Russian Mail-Order Brides (Part II)

Posted on 30. Jul, 2014 by in Culture, General reference article

If you missed the beginning of the story, here it is .

The challenges faced by couples that get together on these mail-order bride sites are many. Too often, the woman does not speak English very well, or at all. It is hard enough to effectively communicate with one another if you speak the same language. Just imagine the difficulty faced by these couples. Russian women coming to America are usually giving up quite a bit. Unfortunately, this simple fact is frequently overlooked by their husbands-to-be. Often the woman has a job to quit or she drops out of college, she says goodbye to family and friends, perhaps for a very long time. She really is putting all of her eggs into one basket. She is diving into a completely different culture to which she has to adapt.

On the other hand, the American man is faced with the possibility that he is simply her “meal ticket” and that once she gets her US citizenship, she will leave him. Bringing her to America will cost him thousands of dollars in fees, tickets, time off work, and so on. He may be putting his reputation on the line with his friends and family – this could be a big deal to him. Likely, his friends and family may think he is going to make a big mistake by marrying in this fashion. Some couples won’t even admit to meeting their wives this way. At the end of the day, he still has his job, his home, his family and friends close by. 

A member of my immediate family married a man she had met online. He soon came over to stay with her in Belarus for several months. They had a pretty decent time while he was visiting. The American dollar went a long way. They went out to dinners, visited museums, and did other things that were planned /offered by the Russian party. They seemed to be getting along fairly well, though as with any relationship, things weren’t always perfect. The gentleman was retired, so he was able to stay for quite a while. He came over twice spending an average of three to five months each time (due to the fact that the paperwork that would allow the lady to go to America was taking an unusually long time, even with a lawyer).

After finally coming to America,  the things quickly deteriorated. It turned out that the husband-to-be wanted to watch TV 24/7 and had very little concern about how his new wife is adapting to her new life. When arguments began, they were often accompanied by the phrase, “I’ll have you deported so fast it’ll make your head spin,” or something like that. My family member was given a car by her spouse, which was a nice thing to do; however, when the relationship ran into problems, the air would be let out of the tires. The phone cords would all be taken out of the wall, the money would be taken away, etc. With no money, no real ability to speak the language, no phone, what could she do? Would anybody put up with this for long?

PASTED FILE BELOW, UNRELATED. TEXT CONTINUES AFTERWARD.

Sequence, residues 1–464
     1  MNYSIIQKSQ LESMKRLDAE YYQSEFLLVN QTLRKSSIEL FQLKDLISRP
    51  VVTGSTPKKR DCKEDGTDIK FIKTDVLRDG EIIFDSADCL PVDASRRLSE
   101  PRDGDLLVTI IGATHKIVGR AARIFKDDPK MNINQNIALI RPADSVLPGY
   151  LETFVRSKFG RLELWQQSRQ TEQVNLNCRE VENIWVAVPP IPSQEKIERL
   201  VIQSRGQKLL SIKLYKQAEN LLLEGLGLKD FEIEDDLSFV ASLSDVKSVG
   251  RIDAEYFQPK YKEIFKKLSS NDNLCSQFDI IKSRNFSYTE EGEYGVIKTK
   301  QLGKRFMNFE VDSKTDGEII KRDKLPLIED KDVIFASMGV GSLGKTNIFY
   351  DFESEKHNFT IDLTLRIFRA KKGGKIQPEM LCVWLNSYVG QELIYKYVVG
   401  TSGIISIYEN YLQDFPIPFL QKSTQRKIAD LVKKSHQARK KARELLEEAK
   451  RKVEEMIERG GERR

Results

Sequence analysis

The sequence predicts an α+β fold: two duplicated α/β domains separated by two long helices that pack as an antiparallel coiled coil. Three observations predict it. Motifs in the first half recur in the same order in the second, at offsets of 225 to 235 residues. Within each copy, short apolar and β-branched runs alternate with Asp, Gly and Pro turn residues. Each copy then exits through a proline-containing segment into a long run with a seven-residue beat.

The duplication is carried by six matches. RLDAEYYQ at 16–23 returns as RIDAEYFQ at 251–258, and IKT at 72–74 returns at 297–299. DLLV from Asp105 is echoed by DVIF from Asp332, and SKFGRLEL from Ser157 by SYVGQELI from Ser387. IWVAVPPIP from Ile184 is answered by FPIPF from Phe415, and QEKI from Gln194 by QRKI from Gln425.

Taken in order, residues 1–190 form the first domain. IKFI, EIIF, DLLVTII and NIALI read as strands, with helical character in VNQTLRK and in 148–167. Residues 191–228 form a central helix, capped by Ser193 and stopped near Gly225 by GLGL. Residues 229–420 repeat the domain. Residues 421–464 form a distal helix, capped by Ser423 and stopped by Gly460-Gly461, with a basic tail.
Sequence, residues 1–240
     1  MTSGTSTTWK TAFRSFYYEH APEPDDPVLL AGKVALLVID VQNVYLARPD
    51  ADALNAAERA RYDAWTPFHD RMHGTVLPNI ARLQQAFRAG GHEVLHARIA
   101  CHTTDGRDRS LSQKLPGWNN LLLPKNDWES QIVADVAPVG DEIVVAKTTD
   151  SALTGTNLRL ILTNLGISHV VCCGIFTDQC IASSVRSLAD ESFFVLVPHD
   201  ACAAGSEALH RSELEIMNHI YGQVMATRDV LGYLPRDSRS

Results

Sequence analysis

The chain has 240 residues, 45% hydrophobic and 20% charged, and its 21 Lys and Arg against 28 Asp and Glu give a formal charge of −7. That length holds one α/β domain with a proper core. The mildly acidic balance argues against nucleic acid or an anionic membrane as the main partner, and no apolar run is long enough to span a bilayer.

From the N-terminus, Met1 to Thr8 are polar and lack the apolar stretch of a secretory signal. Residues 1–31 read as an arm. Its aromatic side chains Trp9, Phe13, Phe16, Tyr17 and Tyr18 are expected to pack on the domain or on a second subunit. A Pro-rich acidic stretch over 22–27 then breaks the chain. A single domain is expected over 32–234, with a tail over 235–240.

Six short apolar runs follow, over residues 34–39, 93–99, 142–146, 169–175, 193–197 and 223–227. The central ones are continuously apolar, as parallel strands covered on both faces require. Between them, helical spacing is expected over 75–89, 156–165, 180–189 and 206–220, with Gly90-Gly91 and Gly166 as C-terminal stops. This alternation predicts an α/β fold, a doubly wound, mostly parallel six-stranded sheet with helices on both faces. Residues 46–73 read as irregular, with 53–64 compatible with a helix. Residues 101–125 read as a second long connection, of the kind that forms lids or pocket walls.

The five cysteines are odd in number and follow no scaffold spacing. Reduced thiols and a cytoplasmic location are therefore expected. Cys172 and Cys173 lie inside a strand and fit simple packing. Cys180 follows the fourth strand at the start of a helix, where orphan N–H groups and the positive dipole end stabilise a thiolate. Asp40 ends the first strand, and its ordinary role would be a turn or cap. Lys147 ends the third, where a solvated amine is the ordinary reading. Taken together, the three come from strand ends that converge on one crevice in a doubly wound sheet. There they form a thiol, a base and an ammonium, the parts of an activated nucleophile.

An American woman would likely divorce a man if the relationship became bad enough; a Russian woman - who is in a new country with few friends, connections, financial resources, and very limited knowledge about how things work in America - might be more likely to stay in an abusive or loveless marriage because of her fear of not being able to make it on her own. 

When these women come to the US, they often are completely dependent upon their spouse in the same way an infant depends on her parents for everything. In many cases, the male spouses do not educate their wives about how the household finances work and what it means to live on credit (not cash, like most people still do in Russia). A typical American lifestyle is very very different from a typical Russian lifestyle; many things seem strange and require explanation. I have witnessed stories where the husband would give the wife a small amount of money believing that this was all they needed to know about finances. Lack of trust, as justified as it may be, is the seed from which a lot of other issues end up sprouting over time. 

Now, in all fairness, I understand that ulterior motives is what concerns most men marrying these women. Sure, she may be using the man to get a green card. She may want to marry a man so he can buy things, bring her family to USA, and so on but if you start the relationship treating someone like they are on probation, you will probably not get very far. I believe, there are ways to protect your assets without making one feel like a second class citizen J .